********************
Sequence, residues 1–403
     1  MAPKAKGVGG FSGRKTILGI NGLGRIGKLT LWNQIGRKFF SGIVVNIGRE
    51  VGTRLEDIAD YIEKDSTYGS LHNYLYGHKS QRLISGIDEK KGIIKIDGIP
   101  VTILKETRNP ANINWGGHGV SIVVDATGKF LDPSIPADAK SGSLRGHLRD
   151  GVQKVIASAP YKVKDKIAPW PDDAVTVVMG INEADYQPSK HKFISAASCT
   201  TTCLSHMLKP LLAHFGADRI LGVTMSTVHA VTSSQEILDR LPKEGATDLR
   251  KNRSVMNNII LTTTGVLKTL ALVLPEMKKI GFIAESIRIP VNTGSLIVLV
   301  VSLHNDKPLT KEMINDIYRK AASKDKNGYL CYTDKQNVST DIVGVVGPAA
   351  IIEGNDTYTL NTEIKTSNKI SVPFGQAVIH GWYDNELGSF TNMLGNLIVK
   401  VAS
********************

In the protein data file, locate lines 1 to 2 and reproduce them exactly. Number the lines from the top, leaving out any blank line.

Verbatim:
Sequence, residues 1–403
     1  MAPKAKGVGG FSGRKTILGI NGLGRIGKLT LWNQIGRKFF SGIVVNIGRE